Hans Zimmer is one of the biggest film composers working in the industry today.  He won an Academy Award for his work on The Lion King, and has been nominated for six other films including Gladiator, The Thin Red Line, and As Good As It Gets. With The Last Samurai he celebrates his 100th film score, and SoundtrackNet had an opportunity to talk with Hans a few weeks ago during a rare break in his busy schedule working on Something's Gotta Give.<br><br>You've scored many projects during your career, and The Last Samurai is being touted as your 100th film score…<br><br>Well, I'm terrible with math, so I'm not doing the counting. It could be more, it could be less – but apparently it's the 100th.<br><br>So how did you get involved with the project?<br><br>If you're lucky enough to get nominated for an Oscar, you get invited to the Oscar nominee's luncheon where they hand out these little nomination certificates. There are usually 150 people standing there, and people are invited up in alphabetical order, starting with the As. By the time they get to the Cs, everybody's already back at their table chatting and eating, and while the first people called get thunderous applause, you can imagine what it's like when your name starts with Z!<br><br>So Ed Zwick and I were standing there, waiting at one of these luncheons about four years ago, and we started talking to each other. I asked him what he was working on and he told me about this movie called The Last Samurai, which I thought sounded interesting and I asked him to send me a script. After the script arrived, I didn't hear from him for a long time and I thought he'd forgotten about me, not thinking about how difficult it is to set up a samurai movie these days. The other thing I liked about the project was that Tom Cruise was involved, so it was like returning home, since I've scored a bunch of his movies – I knew we were going to have a good time.<br><br>Did it end up that way?<br><br>Ed and his editor Steve Rosenblum are such gentlemen, so together and professional, and they basically did one cut of the film, screened it, and everyone loved their work. So after this, they had plenty of time to come and hang with me, and while I usually love the re-cutting process because it's a diversionary tactic to keep the director and editor out of my life, these guys were great to have around. <br><br>Of course, my sense of paranoia made me think that something was going wrong all the time, waiting for the other shoe to drop, as it were, but it never happened. Ed phoned this morning and I thought, "Oh my god – rewrite!" It's just how my brain works. But I think he and I feel a bit odd now: we've been seeing each other every day for months, and suddenly we're done. I completely understand why people have a problem finishing a movie, because there's something really nice about the process – completion is far more boring.<br><br>For Samurai, you used Japanese percussions and ethnic woodwinds, without getting too 'Japanese'.<br><br>My problem is that I feel Japanese music is really inaccessible to Western ears, and I was really struggling with this film initially, trying to figure out what I was doing. This idea popped into my head for using Western-style themes, but applying a Japanese aesthetic to them, which sounds great of course, until I had to ask myself what I meant! Actually, I think it's just my way of not overloading certain things with too many colors, or being geometrically precise about my cues and not making them too flowery.<br><br>The Tom Cruise character is one of those nasty drunks at the beginning, who obviously has some serious problems he's trying to deal with, or not deal with. He's obnoxious and restless, suffering sleepless nights and is very un-Tom. For me, this character's journey was about his need to earn tranquility and peace, so within the score there's this very romantic, overblown and passionate theme. It's like a juvenile way of dealing with life and death – the pain and liebestod.<br><br>However, to contrast with these very relentless themes, there are a number of stark, formal and sober pieces, because I wanted to take Tom's character on a journey. He comes from America and ends up in this foreign place where he doesn't speak the language or understand the culture. But at the end of the movie, I want the audience to think that there isn't a more beautiful place for him to be, that he is at home in Japan and finally at peace.<br><br>There are many useless acts of bravery we do out of misguided romanticism, and this movie is full of courageous and dignified acts of bravery. So I wanted to play off these acts, since both the American and Japanese cultures have a concept of heroism, and I just wanted to see if I could play with the nature of the two different concepts.<br><br>So you didn't want to do the stereotypical Japanese thing...<br><br>Absolutely not! Take Akira Kurosawa's Ran, for example, which has this brilliant score where Takemitsu writes Western music, but with an Eastern accent. Somebody asked me a few days ago why As Good As It Gets was European – why did I write a European score for a quintessentially American story? For me, it's because Jack Nicholson was crazy in the movie, and I felt one of the great things about America is how they always think we Europeans are crazy. So by writing a European-styled score, it's my way of saying that Jack is crazy, but it's alright!<br><br>How do you feel about people who criticize your work for not fitting into the time period, like Gladiator?<br><br>The reason I take these jobs is because I'm interested in foreign cultures, and every time I get to work on a movie I'm thrown into the adventure of whatever that culture is, the time, and wherever the story's taking place. So one of the things I'm very careful about is not to be historically correct to the culture, but, on the other hand, not to insult the underlying aesthetics of that culture either. I remember watching Chariots of Fire and thinking how brilliantly the music worked, never missing that it wasn't period instruments! I grew up listening to Bach played by a symphony orchestra – it's the wrong sized orchestra with the wrong instruments, but I don't think that's the point.<br><br>With Gladiator, Pietro Scalia brought in a CD saying "this is Ancient Roman music," and I said, "Says who? You went to the Ancient Roman music store and bought an Ancient Roman music CD? Bullshit!" We're not anthropologists. Look at he costumes Ridley Scott had: they were more Napoleonic than Roman, which was perhaps fitting since Napoleon had stolen all of his good ideas from the Romans regarding how to make his generals look cool – and so did Hitler! So I got criticized for making the "Entry into Rome" cue too Leni Riefenstahl – but that was the joke! I am allowed to have a sense of humor in my music!<br><br>Earlier this summer your credit on Pirates of the Caribbean was "Score Overproduced by". What was the deal with that?<br><br>Well, I thought honesty was a virtue! But seriously, Jerry Bruckheimer quite rightly asked me not to give him "that old-fashioned Pirate music," and Gore Verbinski, who I adore and did The Ring with, said, "Well, it is a pirate movie, so we have to disguise it." In the end, I spent a day and a half writing tunes, Klaus Badelt wrote a lot of stuff, and we rolled up our sleeves, got drunk, behaved in a debauched way, and produced a score!<br><br>There was a lot of criticism regarding that score, but in the end it had to serve the film - which it did. You seem to get a lot of criticism on any project you do.<br><br>I had the misfortune of going onto the Film Score Monthly web site recently to look something up and vanity made me type in my own name. I suddenly realized that you can't ever get it right. Who do people want me to be? The guy that writes Matchstick Men? Or the guy that writes The Rock? Or the guy that writes Driving Miss Daisy? My need is ultimately to write for myself. I mock myself and I'm ironic about the way I speak about it because if I take it too seriously, it would be a pompous and boring thing to do. But at the same time I take each note I write very seriously – none of them are random.<br><br>The Internet Movie Database always lists you as being attached to multiple projects, so I was curious, what's Sharktail?<br><br>I complained to Jeffrey Katzenberg that I couldn't cross any more Red Seas, or deal with any more horses that can't speak – I wanted to do one of the fun animated movies instead. There's also a hip-hop element in Sharktail, and I haven't been there yet, so it's new territory! King Arthur is still in production, and I literally just got the first bits of footage just before you came here.<br><br>Are you working on all of these projects simultaneously?<br><br>I'm thinking about them! I'm also working with Jim Brooks on his new comedy, Spanglish.<br><br>And speaking of comedies, you recently did Matchstick Men for Ridley, which had a very Nino Rota vibe to it....<br><br>And I gave him credit! I thought, what if Nino had written the theme and I was just doing the variations? But I bet I'm going to get criticized for that because it's not like Gladiator.<br><br>So when did you last have a vacation?<br><br>Well, I went to Japan for a couple of days at the end of November for the Japanese premiere of Samurai, but look, I love what I do! In January I'll travel to Morocco because Ridley will be shooting his next movie, Kingdom of Heaven, so that's like a holiday!<br><br>My family and I are going away at Christmas, and what we used to do would be to rent a house in the mountains and go on these skiing holidays. It would be a crappy house, not as nice as the one we live in, my wife was still going to the market, and we're still washing our plates – so it wasn't a vacation, it was a lot of work! It's taken us a long time, but we just figured it out: we're not practical with vacations – we're staying at hotels! But while the Zimmer family isn't talented when it comes to vacations, we're talented when it comes to work!<br><br>I sat through Samurai the other day, and for the first time watched the whole movie from top to tail with everything finished and completed. It felt really good, better than a vacation. But luckily there were enough things wrong for me to think that I learned something from the experience, and now I can't wait for the next project to try these new ideas out.<br><br>The soundtrack to The Last Samurai is available from Elektra Records, and the film is currently in theaters. Matchstick Men is available on Varese Sarabande Records.<br><br>With thanks to Chet Mehta at Chasen & Co, Jason Cienkus at Warner Brothers, and Nina Lynch and Mark Wherry at Media Ventures for helping with this interview. And, of course, special thanks to Hans.Mulan get his release... through Disney+, 4th September.Mulan is being released on sept 4th. Can't wait to hear Harry's score!!!!Here's an interview about Last Samurai from Soundtrack.net https: //www.soundtrack. net/content/article/?id=112You can find an interview with Hans on his process for TLS on soundtrack.net somewhere, back in 2003 or 2004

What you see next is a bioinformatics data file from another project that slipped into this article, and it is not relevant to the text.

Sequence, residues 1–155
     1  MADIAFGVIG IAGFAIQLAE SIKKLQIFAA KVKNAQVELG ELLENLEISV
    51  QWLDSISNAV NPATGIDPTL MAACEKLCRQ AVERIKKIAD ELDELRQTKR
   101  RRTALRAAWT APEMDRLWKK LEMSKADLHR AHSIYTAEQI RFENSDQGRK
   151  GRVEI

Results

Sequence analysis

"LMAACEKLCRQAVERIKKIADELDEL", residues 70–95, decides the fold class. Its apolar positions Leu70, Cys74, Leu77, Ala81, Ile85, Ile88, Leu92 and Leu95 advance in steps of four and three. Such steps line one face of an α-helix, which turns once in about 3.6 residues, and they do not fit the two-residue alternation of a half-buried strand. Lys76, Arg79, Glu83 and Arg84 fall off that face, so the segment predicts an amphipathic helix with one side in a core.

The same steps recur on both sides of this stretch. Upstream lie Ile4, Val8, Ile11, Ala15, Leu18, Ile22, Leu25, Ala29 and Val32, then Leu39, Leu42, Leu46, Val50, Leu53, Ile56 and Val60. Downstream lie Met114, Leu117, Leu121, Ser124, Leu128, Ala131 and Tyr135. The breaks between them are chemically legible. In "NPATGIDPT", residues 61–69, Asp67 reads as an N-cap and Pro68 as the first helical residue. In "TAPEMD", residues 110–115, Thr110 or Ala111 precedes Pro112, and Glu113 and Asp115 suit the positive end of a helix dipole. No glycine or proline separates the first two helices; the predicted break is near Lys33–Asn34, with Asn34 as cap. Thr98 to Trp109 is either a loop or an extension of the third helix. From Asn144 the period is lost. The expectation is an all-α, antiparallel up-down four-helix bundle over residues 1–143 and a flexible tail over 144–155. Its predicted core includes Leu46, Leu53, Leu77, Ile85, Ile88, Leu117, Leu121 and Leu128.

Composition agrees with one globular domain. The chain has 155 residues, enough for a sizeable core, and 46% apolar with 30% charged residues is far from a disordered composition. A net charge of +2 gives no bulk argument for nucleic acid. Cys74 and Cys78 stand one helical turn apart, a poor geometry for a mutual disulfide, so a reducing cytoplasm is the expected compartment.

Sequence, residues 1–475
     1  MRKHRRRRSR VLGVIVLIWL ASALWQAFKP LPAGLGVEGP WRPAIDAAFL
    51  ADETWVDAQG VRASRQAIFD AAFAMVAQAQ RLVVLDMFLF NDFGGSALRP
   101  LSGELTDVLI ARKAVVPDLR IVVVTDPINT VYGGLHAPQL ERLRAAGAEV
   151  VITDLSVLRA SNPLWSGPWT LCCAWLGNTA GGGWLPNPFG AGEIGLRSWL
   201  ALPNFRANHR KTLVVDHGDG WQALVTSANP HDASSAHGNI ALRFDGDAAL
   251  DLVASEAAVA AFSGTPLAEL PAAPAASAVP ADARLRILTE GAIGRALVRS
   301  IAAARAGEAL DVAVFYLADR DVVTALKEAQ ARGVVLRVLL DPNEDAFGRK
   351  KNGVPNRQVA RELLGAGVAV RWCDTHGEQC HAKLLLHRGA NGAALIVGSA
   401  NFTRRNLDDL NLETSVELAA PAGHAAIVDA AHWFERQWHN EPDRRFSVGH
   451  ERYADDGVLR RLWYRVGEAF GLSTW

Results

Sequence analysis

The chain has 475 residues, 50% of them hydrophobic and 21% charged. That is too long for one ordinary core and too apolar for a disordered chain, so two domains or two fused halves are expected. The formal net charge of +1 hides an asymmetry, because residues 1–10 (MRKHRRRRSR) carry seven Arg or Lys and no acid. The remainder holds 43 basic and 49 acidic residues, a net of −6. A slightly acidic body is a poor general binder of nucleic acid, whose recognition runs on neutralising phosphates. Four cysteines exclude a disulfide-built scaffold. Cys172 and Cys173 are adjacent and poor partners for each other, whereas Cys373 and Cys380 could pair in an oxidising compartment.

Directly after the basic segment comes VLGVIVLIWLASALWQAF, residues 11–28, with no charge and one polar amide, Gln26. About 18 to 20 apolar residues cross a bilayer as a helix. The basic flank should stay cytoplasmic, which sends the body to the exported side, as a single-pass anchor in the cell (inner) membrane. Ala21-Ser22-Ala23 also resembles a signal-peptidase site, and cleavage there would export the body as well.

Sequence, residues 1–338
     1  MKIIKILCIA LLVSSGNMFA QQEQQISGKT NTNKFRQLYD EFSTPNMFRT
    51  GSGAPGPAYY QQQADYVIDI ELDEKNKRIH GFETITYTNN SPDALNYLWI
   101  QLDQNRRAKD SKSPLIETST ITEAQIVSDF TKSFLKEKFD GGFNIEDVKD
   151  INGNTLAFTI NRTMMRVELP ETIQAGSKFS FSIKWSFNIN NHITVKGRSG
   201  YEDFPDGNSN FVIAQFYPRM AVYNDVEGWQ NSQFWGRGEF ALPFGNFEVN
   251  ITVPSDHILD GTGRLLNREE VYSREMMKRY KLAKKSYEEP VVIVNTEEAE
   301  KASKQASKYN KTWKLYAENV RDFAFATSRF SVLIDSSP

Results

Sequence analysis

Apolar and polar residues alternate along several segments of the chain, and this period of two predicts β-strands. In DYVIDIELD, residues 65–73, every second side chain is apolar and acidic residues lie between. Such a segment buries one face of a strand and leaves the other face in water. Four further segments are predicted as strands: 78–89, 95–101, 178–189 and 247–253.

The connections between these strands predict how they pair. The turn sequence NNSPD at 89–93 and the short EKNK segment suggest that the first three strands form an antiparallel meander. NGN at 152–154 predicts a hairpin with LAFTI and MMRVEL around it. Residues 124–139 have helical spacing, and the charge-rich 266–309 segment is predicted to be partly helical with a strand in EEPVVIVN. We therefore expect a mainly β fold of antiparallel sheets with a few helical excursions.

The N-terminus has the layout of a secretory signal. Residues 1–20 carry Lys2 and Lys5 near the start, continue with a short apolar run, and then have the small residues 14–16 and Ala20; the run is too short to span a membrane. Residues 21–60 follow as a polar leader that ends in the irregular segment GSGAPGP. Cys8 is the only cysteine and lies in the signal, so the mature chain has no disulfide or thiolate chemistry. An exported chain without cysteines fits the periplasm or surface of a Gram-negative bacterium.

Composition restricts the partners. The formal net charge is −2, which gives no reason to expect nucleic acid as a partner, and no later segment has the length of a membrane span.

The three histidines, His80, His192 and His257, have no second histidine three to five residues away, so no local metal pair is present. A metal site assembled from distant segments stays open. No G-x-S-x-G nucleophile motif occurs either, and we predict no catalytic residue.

The tracklist they posted has 58 tracks and yours contains only 54<br>interesting thing, He never really spoke about Last Samurai. but you have to realize, even when He speaks, its not always the truth. <br><br>The only thing I know, in 2013 doing press for Rush, He really said the hardest job was Last Samurai, well its not true according to himself, if you watch the behind the scenes stuff from Matchstick Men from 2003, right there He says that he was working on 3 huge films, (tears of the sun / Pirates / last samurai) and Mathstick men was the absolute hardest for him.<br><br>also Ed Zwick talks about working with Hans on the dvd commentary sometimes, but nothing really fancy.<br><br>Im sure there is an interview for this film with him, since he was at the premierI am struggling to find an interview where Hans speaks about this soundtrack. Does it even exist? <br>I spent the last hours digging but nothing. I always desired to hear some comments about it, like he does for the other works he's done.<br>I know it's a far stretch for Hans To release docu scores, but am really curious as to what Brave Miss World, Believer and Jalous of the Birds sound like...<br><br><br>@Mephariel<br>You can find Great Bear Rainforest on bleedingfingersmusic.com under Anze RozmanMondo only offered to send me a return label and a refund. No info yet on if they plan to fix it. :-/